Here's why India's decision to ban driverless cars is a giant step backwards
It's clear that India and China have a different vision for the future of technology. On Monday, India's Union Minister of Road Transport & Highways, Nitin Gadkari proudly told reporters, "We won't allow driverless cars in India. I am very clear on this."
This wasn't a statement for fear of safety after unleashing a barrage of driverless cars on Indian roads currently notorious for long traffic jams. This was a statement about the prospect of thousands of drivers losing their jobs to these driverless cars zipping around the country.
Countries like USA, South Korea, Germany and Australia are pushing ahead with it, but India remains adamant against them. "We won't allow any technology that takes away jobs. In a country where you have unemployment, you can't have a technology that ends up taking people's jobs," Gadkari said.
He then went on to say that India is facing a huge shortage of 22 lakh commercial drivers. According to Gadkari, the government plans to open 100 driver training institutes across the country. “Five lakh people will get jobs over the next five years,” Gadkari added.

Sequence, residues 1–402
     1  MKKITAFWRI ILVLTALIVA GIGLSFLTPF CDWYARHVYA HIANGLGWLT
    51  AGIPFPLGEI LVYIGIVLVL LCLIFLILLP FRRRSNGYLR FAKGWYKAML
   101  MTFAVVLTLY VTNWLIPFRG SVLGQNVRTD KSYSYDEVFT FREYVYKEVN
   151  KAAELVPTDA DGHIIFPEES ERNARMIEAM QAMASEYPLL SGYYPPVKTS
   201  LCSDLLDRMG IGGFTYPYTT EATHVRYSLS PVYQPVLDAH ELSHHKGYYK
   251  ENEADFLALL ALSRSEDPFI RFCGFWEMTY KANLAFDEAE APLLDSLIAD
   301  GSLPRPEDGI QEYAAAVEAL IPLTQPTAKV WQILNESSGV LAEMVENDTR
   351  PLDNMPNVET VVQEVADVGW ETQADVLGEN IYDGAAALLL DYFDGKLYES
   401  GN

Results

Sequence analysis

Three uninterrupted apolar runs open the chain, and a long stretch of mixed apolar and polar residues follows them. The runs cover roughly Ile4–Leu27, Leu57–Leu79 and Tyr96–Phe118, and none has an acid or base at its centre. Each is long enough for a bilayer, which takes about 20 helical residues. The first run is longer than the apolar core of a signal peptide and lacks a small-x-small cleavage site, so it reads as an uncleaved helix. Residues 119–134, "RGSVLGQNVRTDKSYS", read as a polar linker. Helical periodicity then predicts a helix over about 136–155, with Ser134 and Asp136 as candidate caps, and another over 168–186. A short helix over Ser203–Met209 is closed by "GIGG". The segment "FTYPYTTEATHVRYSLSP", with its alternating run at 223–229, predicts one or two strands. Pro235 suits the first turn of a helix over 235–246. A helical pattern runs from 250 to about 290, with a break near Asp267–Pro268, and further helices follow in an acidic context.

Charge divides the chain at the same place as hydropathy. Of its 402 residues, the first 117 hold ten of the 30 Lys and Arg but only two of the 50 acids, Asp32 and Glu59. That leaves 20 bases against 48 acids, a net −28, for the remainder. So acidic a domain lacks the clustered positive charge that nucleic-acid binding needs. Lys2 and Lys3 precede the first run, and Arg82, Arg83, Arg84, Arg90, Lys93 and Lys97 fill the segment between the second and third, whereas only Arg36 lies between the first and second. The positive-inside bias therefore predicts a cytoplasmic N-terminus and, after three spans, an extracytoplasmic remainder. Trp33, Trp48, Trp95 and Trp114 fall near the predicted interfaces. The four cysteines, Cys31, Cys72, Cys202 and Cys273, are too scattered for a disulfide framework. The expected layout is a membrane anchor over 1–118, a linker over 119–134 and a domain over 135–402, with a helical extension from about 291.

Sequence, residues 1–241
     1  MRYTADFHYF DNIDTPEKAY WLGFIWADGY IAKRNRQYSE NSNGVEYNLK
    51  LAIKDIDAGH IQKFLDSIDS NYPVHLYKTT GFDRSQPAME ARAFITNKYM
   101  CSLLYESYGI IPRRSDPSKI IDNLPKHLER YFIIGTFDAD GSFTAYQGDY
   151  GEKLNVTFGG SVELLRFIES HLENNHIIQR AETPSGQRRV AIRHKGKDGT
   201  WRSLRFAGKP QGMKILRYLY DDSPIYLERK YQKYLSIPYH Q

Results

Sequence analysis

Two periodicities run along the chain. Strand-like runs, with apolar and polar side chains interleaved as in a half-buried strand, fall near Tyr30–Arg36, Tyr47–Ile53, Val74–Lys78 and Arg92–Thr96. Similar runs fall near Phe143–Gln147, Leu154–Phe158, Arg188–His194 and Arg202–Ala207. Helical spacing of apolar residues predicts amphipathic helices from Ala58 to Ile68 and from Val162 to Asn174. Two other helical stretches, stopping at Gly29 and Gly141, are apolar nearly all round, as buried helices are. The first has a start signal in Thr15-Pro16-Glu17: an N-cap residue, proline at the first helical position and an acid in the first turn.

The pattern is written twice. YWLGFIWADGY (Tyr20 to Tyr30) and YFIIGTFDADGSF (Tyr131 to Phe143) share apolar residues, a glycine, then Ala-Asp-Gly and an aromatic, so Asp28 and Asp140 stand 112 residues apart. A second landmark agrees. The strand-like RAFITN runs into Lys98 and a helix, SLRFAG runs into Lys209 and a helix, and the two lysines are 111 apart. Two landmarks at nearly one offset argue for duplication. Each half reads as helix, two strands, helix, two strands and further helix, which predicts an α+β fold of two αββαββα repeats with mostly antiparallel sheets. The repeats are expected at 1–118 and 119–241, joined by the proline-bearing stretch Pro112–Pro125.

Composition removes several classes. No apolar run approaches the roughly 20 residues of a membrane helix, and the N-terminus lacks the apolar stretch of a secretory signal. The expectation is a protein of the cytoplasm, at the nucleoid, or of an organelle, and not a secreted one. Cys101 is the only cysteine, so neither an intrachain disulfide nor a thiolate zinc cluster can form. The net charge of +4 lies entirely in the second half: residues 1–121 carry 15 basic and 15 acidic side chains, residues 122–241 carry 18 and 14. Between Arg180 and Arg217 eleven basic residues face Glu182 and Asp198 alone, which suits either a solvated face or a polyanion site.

Here's the problem with that logic. Back in the 1980s, there were anti-computer protests. In 2017, much of India is digitally run.
After all, Prime Minister Narendra Modi has repeatedly lauded the effort towards a 'Digital India'. India will inevitably have to adapt to these new technologies. Choosing to bypass these technologies in order to save the jobs we already have will hamper economic growth.
What's more worrisome about the timing of this speech is the fact that Motor Vehicles (Amendment) Bill, 2017 is still pending in the Rajya Sabha. A major provision of that is the testing of new technologies such as driverless cars.
Uber, Google and Tesla out
Former Uber CEO Travis Kalanick, Google CEO Sundar Pichai and Tesla CEO Elon Musk have all made statements lamenting the delay in bringing autonomous cars to India.